As I argued about 300, the use of the haptic in order to create a sense of fellow feeling is not always or automatically ethically positive. Certainly, a father and his estranged son re-connecting after years apart on the basis of their shared “skin” seems relatively unproblematic. More troublingly, however, the shared skin through which father and son recognize their mutuality in this episode is implicitly racialized. The peplum from the 1990s on frequently presents its own version of “post-racial” thinking by offering the viewer a “pre-racial” universe in which the characters do not seem to be aware of racial differences (see The Scorpion King for a typical example, or the television series BeastMaster). And indeed, while Zorn is hyper-sensitive to gender, he seems completely unaware of race. So, while he challenges Edie’s fiancé in terms of masculinity, he doesn’t seem at all aware the Craig is African American, or that his son’s love interest is Asian American. And yet, the show depends on the viewer understanding such differences; in particular, the subtle feeling that Zorn, avatar of heroic white masculinity, does not quite fit in this world, always a textural rough patch, as in the image above, where he is sandwiched between—again—the African-American man and the Asian-American woman. But we should not ignore that when he goes to seek a job, his interviewer and future boss is also a woman of color, and that his résumé has been marked (and we should note the two contrasting textures, the cool, official Helvetica of the résumé against the scrawled, double underline, double exclamation point handwriting) as a “diversity hire.” Because he is perceived as mentally challenged? Because he is a cartoon-American? Or because lurking in the background, the feeling more than the idea that no one is more of an oppressed minority in need of protection than the white man, especially in his heroic and epic dimension?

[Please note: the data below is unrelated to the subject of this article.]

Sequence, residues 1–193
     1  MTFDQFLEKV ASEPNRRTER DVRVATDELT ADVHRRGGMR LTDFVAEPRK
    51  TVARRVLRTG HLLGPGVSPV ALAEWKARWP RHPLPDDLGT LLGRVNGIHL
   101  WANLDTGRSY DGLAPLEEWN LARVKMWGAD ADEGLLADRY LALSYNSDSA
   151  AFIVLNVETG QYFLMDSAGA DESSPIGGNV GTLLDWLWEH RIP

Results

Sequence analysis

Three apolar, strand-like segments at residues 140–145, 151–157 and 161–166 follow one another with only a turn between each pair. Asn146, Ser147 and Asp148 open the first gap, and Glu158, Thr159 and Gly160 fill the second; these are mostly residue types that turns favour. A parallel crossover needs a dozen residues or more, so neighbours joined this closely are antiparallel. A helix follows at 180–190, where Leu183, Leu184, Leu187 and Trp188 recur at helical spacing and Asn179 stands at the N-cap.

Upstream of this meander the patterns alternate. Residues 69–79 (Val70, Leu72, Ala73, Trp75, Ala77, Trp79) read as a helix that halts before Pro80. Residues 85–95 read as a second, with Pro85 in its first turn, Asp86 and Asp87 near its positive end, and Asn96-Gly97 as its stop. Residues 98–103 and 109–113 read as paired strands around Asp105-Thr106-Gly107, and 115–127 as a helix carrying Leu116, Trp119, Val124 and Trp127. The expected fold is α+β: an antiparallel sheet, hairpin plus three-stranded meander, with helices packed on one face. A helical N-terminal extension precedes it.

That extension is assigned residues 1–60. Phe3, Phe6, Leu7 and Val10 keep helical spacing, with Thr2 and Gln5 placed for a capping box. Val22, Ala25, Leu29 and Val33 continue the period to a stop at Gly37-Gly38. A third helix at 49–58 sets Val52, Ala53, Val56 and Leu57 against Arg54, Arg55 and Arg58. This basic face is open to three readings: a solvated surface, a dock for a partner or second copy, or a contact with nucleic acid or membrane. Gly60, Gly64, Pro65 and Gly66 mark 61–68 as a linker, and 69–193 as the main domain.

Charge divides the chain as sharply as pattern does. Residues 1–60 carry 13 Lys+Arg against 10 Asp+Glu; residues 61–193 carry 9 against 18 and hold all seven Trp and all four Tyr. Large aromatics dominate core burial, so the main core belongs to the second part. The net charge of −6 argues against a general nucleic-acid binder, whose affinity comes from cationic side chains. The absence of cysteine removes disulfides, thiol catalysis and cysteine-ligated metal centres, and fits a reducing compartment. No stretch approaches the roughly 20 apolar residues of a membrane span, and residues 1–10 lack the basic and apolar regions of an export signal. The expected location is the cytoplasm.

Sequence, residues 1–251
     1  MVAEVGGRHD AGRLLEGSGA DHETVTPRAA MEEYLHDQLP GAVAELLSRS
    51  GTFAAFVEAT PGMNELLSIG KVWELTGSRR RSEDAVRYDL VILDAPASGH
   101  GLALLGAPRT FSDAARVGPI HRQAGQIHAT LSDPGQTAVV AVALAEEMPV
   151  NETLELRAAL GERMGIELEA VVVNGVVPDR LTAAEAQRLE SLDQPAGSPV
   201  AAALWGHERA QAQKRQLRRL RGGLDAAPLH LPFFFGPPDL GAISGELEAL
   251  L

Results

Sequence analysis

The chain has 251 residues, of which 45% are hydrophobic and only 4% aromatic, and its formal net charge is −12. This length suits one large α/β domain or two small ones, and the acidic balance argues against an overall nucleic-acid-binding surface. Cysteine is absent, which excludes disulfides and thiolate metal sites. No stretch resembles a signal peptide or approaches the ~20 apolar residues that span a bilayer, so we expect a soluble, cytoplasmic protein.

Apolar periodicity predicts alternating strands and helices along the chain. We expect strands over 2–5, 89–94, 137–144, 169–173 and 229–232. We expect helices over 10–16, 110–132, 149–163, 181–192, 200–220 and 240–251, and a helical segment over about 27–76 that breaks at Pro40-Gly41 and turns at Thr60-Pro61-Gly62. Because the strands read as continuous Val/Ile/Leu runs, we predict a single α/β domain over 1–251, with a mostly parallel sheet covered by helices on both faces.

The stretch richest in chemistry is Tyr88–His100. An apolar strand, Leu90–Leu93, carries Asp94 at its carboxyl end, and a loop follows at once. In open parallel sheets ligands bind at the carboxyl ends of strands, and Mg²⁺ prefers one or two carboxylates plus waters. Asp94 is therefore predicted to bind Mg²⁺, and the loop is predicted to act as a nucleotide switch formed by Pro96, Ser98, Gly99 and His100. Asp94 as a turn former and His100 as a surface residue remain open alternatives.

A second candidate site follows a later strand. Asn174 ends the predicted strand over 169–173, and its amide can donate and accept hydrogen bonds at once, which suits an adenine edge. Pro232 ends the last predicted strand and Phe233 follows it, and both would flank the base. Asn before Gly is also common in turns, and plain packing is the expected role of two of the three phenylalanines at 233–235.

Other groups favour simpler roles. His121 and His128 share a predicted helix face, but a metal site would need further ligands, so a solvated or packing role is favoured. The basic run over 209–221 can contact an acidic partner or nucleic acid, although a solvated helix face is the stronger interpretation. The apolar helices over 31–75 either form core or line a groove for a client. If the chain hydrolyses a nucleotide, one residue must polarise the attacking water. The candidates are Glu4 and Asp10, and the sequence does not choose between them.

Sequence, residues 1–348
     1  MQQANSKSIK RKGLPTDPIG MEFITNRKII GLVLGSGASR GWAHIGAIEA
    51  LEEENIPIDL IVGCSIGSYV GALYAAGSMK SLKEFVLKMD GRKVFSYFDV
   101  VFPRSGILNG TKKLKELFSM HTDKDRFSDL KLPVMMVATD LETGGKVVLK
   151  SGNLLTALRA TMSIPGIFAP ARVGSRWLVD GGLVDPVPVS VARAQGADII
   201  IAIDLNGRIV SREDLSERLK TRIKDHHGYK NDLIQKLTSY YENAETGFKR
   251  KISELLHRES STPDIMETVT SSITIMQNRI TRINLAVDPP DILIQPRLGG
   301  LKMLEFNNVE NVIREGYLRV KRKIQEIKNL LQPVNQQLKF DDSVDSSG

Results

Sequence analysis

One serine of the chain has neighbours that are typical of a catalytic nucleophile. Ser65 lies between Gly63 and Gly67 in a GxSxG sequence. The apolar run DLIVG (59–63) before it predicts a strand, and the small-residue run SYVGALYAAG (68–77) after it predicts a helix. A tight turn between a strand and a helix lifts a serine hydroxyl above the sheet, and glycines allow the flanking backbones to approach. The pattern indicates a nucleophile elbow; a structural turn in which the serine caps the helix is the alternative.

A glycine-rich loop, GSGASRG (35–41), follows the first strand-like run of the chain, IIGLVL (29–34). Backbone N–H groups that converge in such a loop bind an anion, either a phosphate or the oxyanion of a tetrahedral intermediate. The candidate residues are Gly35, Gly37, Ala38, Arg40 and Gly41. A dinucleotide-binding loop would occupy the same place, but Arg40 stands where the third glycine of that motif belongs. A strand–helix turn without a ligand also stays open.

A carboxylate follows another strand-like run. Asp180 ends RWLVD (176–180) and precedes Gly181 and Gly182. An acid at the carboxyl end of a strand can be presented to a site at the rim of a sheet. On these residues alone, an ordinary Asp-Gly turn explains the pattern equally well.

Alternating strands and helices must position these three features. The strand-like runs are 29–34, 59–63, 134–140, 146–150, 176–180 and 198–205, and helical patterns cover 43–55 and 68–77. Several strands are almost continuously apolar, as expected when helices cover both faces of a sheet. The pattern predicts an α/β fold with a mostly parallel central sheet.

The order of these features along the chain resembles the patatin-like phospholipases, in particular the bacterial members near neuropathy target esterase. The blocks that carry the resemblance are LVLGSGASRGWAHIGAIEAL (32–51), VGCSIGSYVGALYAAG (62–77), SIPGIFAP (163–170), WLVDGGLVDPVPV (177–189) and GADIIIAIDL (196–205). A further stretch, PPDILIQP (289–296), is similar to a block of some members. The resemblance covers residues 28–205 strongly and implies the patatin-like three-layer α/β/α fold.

[1] Jennifer Barker, The Tactile Eye: Touch and the Cinematic Experience (Berkeley: University of California Press, 2009).